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Ideally, one should be able to identify a toxicant and measure how much of it is present. Radioactive materials and ionizing radiation are no different. Of note, because of the presence of multiple types of radiation, one may not be able to isolate the exact emitter type. Nonetheless, these techniques may help an operator to form an approximation. If one can determine the type of radiation, risk evaluations can be made. Some assumptions can be made, however, on the basis of context and history. The Table lists locations where some commonly encountered radioactive materials are found.
Some of these devices are very sophisticated and accurate, but they are mainly used in laboratories and are not portable. Others are portable but may lack the high-energy resolution of the laboratory models. All of these instruments can be quite expensive. Whether in a laboratory setting or in the field, a spectrometer's operations, as well as interpretation of its readings, requires considerable training and experience; therefore, physicians would not be likely to use one.
These laboratory identification instruments involve incredibly time-consuming processes, sometimes several weeks, but will still likely be used for the analysis of excreta to help determine internal dose. Figure 3 lists facilities with these types of equipment. Figure 3.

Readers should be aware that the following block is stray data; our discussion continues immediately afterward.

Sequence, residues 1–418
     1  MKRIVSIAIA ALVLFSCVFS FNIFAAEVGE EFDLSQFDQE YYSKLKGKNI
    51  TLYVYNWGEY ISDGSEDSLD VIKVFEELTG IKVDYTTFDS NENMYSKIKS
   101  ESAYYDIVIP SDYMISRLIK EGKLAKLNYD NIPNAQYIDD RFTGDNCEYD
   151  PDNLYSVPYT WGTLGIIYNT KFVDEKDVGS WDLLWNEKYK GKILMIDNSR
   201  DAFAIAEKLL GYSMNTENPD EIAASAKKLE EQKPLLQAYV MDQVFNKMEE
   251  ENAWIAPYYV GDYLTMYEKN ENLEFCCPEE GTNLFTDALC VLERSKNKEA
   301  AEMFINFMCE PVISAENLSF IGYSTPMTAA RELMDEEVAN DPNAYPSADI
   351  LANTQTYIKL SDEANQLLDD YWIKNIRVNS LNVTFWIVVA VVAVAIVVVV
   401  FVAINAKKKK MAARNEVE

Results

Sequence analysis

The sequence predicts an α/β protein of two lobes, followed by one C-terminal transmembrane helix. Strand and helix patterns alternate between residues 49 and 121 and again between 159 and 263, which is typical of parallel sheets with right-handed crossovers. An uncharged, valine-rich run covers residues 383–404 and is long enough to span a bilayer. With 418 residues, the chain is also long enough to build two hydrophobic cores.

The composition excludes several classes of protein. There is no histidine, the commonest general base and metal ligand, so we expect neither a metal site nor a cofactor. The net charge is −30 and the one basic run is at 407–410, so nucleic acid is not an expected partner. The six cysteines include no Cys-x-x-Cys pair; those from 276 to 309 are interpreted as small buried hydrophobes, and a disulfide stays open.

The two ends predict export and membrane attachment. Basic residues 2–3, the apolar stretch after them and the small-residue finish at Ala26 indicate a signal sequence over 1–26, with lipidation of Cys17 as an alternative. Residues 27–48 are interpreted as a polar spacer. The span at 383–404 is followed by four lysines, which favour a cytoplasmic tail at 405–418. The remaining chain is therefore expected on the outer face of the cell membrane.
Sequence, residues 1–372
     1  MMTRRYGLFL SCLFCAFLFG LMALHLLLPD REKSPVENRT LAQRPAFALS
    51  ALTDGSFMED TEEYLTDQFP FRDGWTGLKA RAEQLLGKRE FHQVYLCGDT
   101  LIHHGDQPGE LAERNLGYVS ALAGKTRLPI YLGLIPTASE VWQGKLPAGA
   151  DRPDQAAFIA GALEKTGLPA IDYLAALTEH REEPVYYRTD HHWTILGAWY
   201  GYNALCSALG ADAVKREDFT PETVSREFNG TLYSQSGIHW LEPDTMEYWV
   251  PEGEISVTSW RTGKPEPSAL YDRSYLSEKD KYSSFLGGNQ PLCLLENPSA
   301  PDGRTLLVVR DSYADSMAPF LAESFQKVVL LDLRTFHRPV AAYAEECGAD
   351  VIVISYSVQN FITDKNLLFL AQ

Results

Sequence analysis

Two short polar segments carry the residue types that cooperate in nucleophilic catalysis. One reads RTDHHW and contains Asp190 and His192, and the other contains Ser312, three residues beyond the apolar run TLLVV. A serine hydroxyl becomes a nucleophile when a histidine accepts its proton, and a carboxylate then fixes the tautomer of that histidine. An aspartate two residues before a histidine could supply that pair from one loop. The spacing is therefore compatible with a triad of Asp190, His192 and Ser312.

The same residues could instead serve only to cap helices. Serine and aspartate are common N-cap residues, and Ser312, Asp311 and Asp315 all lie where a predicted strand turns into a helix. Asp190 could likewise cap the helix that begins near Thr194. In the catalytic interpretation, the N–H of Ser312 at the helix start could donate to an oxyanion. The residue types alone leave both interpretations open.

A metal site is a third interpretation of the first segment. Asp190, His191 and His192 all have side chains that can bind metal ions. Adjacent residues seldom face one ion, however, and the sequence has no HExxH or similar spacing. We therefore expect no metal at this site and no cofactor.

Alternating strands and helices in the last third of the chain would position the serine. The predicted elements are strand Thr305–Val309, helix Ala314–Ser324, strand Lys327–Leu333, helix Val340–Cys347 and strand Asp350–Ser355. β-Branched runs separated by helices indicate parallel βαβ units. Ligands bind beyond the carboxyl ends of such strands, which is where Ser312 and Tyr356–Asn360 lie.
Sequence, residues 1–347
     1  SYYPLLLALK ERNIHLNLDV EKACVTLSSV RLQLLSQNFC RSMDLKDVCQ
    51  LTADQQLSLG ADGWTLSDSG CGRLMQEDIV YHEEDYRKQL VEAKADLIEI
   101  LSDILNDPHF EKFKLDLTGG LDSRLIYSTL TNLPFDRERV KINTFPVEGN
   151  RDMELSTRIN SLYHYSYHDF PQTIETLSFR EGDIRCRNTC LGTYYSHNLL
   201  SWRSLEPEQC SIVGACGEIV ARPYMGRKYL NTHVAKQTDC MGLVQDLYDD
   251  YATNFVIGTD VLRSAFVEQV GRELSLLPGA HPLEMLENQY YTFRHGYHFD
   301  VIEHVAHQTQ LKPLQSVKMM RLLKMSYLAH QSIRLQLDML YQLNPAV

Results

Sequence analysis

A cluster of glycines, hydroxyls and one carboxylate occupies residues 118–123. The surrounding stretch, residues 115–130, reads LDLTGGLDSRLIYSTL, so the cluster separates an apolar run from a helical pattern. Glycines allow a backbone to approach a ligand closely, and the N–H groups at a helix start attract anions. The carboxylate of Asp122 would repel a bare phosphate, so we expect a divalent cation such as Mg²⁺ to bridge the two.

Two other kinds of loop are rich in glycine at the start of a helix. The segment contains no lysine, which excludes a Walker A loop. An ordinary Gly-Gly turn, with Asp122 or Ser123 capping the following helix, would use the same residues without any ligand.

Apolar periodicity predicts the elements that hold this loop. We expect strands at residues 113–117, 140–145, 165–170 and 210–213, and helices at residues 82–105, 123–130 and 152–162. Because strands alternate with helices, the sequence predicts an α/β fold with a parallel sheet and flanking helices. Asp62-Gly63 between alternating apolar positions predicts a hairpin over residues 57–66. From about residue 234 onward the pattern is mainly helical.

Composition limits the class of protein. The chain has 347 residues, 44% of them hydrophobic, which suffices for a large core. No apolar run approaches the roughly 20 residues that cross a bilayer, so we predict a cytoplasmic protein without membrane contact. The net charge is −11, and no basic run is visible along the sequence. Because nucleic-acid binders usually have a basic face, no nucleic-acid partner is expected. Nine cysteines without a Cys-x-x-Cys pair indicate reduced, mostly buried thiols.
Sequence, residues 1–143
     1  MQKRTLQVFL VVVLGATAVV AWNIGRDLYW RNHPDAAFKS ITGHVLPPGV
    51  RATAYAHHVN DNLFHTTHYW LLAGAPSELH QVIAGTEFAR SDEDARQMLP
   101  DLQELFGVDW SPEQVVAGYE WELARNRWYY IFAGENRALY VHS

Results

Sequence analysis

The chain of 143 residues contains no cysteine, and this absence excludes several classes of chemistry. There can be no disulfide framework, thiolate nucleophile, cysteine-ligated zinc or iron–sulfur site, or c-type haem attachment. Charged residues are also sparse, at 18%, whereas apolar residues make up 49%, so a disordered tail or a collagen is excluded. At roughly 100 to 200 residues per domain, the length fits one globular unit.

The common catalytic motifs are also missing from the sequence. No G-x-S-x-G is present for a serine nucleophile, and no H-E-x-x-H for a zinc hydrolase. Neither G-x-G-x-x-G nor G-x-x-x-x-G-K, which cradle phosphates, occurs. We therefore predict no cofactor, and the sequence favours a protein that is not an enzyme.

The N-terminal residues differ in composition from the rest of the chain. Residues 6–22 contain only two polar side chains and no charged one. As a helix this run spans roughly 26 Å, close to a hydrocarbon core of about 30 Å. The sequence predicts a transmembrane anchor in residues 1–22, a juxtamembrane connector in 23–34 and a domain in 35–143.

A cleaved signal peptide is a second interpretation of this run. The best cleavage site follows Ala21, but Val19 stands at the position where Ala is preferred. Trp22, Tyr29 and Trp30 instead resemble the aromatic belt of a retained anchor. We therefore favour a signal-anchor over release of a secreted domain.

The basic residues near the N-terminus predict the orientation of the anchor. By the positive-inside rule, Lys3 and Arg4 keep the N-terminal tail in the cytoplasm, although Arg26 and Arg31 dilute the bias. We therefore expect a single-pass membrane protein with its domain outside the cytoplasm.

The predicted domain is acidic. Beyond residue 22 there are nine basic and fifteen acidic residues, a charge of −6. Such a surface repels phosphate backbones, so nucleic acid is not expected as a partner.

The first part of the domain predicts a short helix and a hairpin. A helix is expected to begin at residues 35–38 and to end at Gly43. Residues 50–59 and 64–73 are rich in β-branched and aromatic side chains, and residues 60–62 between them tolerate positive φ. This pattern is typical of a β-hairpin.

Facilities that can assist health care professionals during a radiologic or nuclear incident. A dosimeter is designed to measure accumulated dose. The function and design are variable, and the instrument is often attached to the outer layer of clothing, just above the waist. Functionally, dosimetry can be divided into real time and delayed.
Delayed reading dosimeters cannot be read immediately. They must be sent to a special laboratory for analysis. Examples are optically stimulated luminescent dosimeters and thermoluminescent dosimeters. Noz and G. Maguire Jr. William D. Erwin University of Texas M.
Health Physics and Radiation Protection - PHYS5018
Anderson Cancer Center Houston, Texas. This Article doi: Classifications Book Review. Services Email this article to a colleague Alert me when this article is cited Alert me if a correction is posted Similar articles in this journal Download to citation manager. Google Scholar Articles by Noz, M.